Yesterday I naturally spent the day hiding away playing my electric harpsichord. Maybe I was inspired by the fact that Nick Palmer asked me to play harpsichord in his upcoming Messiah sing along. But I have been missing harpsichord music anyway.
I started out with François Couperin. I own the Dover two volume collection of his complete keyboard works. Interestingly Johannes Brahms helped edit this work. I suspect he might have had something to do with how good this edition is, since it respects the original source and doesn’t edit it much. This is contrary to the editorial practice of Brahms age and even later into the early 20th century so that as a performer I have to be careful about thinking and executing what is on the page when the editorial work is suspecct. This is the case with the Longo edition of Scarlatti.
I compared my understanding of a piece called “La Couperin” with Kenneth Gilbert’s performance on YouTube. If you’re curious, you can access it at this link. My intention is that link will begin at 00:27:26. where “La Couperin” begins. In the first comment, Álvaro Moreno has provided times and links to all the piece in Volume IV of Couperin. Thank you, Mr. Moreno.
The first thing that struck me was that Gilbert (who my teacher’s teacher and who I have heard lecture and play) applied notes inégales very sparsely. (Notes inégales = notes unequal and refers to changing rhythm without indications in the notation, much like a jazz musician “swings” a line of eighth notes)In his book, François Couperin, Philippe Beaussant says that “Le Couperin” is actually an allemande. My teacher, Ray Ferguson, taught me that notes inégales applied pretty consistently throughout an allemande in the French style. I began to wonder if Gilbert’s thinking changed or maybe I misunderstood. Whatever the reason I found Gilbert’s discretion liberating and sat down with my Beaussant and began playing movements and checking to see what he said about them.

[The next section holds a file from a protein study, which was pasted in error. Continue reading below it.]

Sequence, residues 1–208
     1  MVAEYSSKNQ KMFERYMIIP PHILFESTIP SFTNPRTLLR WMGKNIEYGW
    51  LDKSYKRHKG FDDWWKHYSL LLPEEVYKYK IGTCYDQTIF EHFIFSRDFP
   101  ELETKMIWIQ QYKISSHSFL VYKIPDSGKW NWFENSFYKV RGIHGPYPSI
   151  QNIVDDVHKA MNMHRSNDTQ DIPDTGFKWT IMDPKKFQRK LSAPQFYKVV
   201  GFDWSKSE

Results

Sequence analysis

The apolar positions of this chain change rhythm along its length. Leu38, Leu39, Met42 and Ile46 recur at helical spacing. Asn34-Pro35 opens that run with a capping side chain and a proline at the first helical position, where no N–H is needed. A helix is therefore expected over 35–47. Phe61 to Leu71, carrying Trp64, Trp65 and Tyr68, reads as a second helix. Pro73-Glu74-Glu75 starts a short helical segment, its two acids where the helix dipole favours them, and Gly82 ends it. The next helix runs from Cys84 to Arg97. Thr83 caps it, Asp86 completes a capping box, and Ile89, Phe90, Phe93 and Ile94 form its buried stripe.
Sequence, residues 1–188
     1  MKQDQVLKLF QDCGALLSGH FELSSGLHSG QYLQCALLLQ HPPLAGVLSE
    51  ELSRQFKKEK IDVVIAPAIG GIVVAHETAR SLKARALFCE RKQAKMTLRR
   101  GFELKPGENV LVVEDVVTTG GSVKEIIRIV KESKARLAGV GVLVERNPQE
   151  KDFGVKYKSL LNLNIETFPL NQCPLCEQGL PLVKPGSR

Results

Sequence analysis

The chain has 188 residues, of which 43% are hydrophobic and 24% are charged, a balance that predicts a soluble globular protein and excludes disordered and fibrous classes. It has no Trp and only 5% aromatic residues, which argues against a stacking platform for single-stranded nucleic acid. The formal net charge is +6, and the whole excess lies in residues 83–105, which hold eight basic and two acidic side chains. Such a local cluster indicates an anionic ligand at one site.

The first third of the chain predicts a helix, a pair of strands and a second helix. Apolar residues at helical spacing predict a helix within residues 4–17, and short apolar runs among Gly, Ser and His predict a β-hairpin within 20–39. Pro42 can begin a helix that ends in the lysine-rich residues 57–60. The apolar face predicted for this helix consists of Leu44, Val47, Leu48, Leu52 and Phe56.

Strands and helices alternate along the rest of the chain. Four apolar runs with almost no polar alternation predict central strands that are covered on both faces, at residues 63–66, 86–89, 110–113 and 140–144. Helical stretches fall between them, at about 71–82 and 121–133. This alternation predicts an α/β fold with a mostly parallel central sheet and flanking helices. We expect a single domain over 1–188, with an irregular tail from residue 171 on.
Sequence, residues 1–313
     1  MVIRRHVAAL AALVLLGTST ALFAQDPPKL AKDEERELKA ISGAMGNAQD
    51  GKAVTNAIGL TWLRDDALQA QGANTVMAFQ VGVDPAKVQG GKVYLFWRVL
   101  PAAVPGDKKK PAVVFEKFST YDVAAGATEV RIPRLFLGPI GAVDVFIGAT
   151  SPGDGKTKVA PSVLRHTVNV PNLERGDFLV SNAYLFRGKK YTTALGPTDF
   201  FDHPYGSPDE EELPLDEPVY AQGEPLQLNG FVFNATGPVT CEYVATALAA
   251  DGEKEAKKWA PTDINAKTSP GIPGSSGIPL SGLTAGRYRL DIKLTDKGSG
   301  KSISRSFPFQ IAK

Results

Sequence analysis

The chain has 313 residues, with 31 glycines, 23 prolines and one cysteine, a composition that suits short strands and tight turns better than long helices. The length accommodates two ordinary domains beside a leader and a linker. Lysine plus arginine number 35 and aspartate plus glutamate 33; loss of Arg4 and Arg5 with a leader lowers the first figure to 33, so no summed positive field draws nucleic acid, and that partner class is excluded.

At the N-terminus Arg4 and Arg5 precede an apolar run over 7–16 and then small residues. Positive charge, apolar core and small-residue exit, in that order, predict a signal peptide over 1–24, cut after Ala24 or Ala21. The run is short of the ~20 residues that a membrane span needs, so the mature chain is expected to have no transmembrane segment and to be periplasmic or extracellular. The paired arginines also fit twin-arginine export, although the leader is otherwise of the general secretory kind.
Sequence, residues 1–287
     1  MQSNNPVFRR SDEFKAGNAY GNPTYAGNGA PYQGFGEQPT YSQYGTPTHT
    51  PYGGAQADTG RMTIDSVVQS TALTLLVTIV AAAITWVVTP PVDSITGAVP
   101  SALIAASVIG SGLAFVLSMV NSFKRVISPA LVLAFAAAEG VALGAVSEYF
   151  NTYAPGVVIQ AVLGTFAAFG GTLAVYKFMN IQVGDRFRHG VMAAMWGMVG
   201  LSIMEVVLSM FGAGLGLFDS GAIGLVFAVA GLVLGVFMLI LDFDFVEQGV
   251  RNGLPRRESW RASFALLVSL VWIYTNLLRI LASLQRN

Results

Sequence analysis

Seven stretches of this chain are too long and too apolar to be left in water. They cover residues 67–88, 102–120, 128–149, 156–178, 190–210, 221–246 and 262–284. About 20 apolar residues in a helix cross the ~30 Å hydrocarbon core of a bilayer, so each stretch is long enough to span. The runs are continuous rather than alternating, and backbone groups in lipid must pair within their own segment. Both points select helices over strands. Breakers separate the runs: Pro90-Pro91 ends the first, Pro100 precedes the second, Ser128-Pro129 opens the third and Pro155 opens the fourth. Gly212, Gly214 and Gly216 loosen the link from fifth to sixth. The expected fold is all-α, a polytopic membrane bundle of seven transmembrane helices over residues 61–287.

I began to wonder about how the current thinking on French classical interp might have changed. Recently I have been updating myself about the current conversation on early music. It is mind boggling and encouraging how much this field has opened up and changed since my own schooling in it. Why would French interp be the same?
After doing a bit of googling I discovered the work of John Byrt.
This is a link to his web site. He is an enthusiastic supporter of using French interp in other musics of the period. When I was in school I asked a lot about this sort of thing. At that time it was not clear if one could pursue it and an academic career at the same time. Byrt is doing that. His examples of how he applies notes inégales on his site are startling but I find them very interesting.
So all this is to say that yesterday was a very liberating day for me providing me with a wider array of legit options playing the French classical music I love, even on an electric harpsichord.
This headline caught my eye today. I was looking at Google news this morning and noticed the stories on Charles Murray.
I was surprised to see the Southern Poverty Law Center link and read the essay there before going to the news story. Murray is someone I have wrestled with his bogus notions since the 90s. I have read most if not all of his Bell Jar, so it was satisfying to see some clear rebuttal of his weird ideas.
I do believe he is full of shit. However, I don’t think that shutting down conversation makes sense, much less attacking him physically. I keep thinking of the title of a book by the late Nat Hentoff: Free Speech for Me but Not for Thee.
This is a recent interview of a writer I admire. I like his thoughts on the “art mind” and the “daily mind” and also this:
“Well, after coming back from the Trump thing, I’m like, wait a minute. We didn’t, as a culture, value art enough. We marginalized that beautiful, complex, supremely capable artistic mind. We put way too much stock in this second kind of mind, which is so much harsher and more aggressive.
We put a lot of faith in that and now I think we’re kind of reaping the bounty. But that made me feel strangely happy. Like, O.K. so this thing I’ve spent my life doing is actually not a sideshow. It’s the essential show, and so maybe we can somehow move it back to a more central position. It’s essential that we do so.”
I bookmarked the following article by Saunders from July of last year for future reading: